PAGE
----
In his metallic blue van, he sleeps on a sofa-bed and makes meals on a small gas cooker. On the roof, solar panels provide him with electricity.

Just under a decade ago, he says he could rent a country house for just 400 euros (S$642.42) a month. Now for that price, he would be reduced to sharing a room.

The number of tourists visiting Ibiza, a small island of just 142,000 inhabitants, has almost doubled from 1.7 million in 2010 to three million in 2016, according to the regional statistics institute.

High demand for accommodation prompted the appearance of scores of tourist rentals, most of them without a permit, provoking a rise in real-estate prices and making it hard to find a room for less than 600 euros.

The citizen’s Platform of those Affected by Rental Prices in Ibiza has detailed the existence of countless abusive offers — 500 euros a month to live on a balcony, 300 euros for a mattress not including the bathroom, or 2,100 euros for a small caravan.

With a salary of just 1,400 euros as a truck driver and vendor, Andrade chose to buy his van for 3,000 euros.

Four caravans are parked next to his van in a wasteland, its occupants opting for a nomadic lifestyle due to high rental prices.

The situation gets even worse in high season, when the number of people on the island triples and temporary workers are needed in the tourism industry and other sectors, such as health services.

Such is the difficulty to find affordable housing that the Can Misses Hospital in Ibiza, the main one on the island, has rehabilitated an unused floor to provide accommodation for temporary workers.

Javier Segura, a 30-year-old microbiologist, arrived in June for a three-month contract and was forced to stay there after an unsuccessful search for a flat.

“Some of the offers were rip-offs and others were really pricey ... over 2,000 to 3,000 euros,” he said.

“And the offers with accessible prices, between 1,000 and 2,000, were all taken.”

In an ironic twist, the tourism sector itself is finding it hard to find much-needed temporary workers if it doesn’t offer accommodation with the contract.

Years ago “in May, I would receive 10 to 12 CVs every day to come work in the summer, now just one or two come,” says Joan Riera, owner of the Can Alfredo rice restaurant in Ibiza Town, who has since opted to hire local personnel only.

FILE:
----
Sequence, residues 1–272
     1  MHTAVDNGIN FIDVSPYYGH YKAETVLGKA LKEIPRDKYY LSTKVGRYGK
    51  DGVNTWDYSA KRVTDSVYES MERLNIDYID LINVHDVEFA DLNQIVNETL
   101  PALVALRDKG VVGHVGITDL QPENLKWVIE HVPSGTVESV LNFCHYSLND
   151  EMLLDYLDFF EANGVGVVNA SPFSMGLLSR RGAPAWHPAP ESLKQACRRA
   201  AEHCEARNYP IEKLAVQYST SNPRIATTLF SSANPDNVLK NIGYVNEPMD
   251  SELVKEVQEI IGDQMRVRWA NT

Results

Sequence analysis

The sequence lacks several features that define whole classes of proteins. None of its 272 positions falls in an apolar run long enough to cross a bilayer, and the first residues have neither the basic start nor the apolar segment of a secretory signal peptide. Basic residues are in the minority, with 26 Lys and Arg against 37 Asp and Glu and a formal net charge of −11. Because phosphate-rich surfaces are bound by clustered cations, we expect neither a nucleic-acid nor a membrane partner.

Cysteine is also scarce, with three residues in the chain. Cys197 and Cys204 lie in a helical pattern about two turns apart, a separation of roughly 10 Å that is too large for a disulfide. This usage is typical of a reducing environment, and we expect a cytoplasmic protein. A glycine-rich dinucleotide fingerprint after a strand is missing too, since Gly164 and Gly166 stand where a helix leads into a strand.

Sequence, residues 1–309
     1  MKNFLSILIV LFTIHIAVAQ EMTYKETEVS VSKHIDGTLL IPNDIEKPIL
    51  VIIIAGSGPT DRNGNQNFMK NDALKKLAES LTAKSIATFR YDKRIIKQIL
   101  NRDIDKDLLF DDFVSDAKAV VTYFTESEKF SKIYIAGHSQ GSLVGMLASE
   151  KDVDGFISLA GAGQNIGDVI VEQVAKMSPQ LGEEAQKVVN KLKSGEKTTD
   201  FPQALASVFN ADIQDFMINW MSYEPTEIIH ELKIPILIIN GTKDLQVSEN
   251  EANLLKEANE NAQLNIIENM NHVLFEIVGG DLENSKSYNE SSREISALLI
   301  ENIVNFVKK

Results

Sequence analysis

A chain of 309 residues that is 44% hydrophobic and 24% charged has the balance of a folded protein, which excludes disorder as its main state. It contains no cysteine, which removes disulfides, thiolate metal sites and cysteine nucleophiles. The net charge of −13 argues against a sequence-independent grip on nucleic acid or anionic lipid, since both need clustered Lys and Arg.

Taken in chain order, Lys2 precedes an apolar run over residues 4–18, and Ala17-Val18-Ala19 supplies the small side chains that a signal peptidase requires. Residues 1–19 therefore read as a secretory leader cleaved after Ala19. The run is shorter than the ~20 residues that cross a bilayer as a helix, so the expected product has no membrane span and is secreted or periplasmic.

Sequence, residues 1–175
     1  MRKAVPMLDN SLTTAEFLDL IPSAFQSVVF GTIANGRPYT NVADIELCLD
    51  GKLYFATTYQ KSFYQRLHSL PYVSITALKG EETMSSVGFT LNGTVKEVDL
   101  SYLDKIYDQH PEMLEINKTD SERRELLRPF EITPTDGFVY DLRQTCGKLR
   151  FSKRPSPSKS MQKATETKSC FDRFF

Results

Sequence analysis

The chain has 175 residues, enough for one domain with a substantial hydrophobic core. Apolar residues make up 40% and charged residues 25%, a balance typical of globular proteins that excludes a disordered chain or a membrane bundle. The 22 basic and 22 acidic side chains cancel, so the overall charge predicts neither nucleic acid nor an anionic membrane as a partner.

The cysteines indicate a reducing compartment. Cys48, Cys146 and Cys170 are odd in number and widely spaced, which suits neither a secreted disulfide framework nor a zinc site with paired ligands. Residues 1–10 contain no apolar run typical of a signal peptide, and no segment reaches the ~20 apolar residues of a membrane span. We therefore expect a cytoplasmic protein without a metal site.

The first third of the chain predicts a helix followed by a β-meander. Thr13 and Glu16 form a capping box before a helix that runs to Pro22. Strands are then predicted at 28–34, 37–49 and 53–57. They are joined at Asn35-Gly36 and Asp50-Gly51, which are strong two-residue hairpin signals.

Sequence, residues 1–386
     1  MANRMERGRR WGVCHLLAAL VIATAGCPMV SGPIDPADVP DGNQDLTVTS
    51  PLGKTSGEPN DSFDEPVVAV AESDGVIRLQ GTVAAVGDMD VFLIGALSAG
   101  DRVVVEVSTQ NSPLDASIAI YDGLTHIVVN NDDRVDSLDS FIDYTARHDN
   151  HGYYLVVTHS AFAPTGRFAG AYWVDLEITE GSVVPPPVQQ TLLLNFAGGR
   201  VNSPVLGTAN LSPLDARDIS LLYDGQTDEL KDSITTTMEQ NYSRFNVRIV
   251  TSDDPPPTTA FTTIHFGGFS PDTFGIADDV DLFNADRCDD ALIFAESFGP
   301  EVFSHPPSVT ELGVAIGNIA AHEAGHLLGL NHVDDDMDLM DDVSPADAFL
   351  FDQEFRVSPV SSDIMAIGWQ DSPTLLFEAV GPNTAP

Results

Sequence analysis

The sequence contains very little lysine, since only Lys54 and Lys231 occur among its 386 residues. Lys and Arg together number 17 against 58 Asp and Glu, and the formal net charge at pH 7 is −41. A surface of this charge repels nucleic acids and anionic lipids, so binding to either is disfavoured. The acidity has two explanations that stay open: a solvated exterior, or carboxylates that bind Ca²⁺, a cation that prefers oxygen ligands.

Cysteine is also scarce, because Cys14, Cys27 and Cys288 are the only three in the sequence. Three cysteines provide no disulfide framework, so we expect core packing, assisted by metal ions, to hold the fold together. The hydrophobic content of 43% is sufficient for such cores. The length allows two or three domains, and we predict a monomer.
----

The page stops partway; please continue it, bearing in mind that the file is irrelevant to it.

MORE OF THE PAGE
“We have perverted the system,” said Lucas Prats, president of an organisation that promotes tourism.

Before there were “buildings dedicated to residential homes and those in tourism zones. Now everything is for tourism.”

As such, the regional parliament of the Balearic Islands has passed a law banning the use of apartments for tourists without a permit.

It also limits to just over 623,000 the number of visitors who can stay in hotels or legal rental accommodation in one go, and plans to reduce that figure to around 500,000.

“If we continue growing in this direction there will come a moment when we will not be a competitive destination. And neither will it be an area where one can live well,” says Vicent Torres, director of tourism for the local government in Ibiza.

“That’s why we feel the need to reduce it all a little.”

The aim is to stop locals from turning against tourism, an important activity for an island that was once poor and relied solely on fishing and agriculture before turning into an attraction for visitors in the 1960s.

“In Ibiza there are no exceptions, we all live off tourism,” said Prats.

For Torras in Barcelona, the latest restriction is a fresh blow to his business after the council stopped him taking tours down the Barcelona beach front last year. Typically, he leads two three-hour tours each day for up to six people who pay 70 euros (S$112.43) each to be guided round neighbourhoods such as the Gothic Quarter, the Ramblas area and the old port. He relies on his summer business to get through the winter.

“This is the time when we have to save,” Torras said. AGENCIES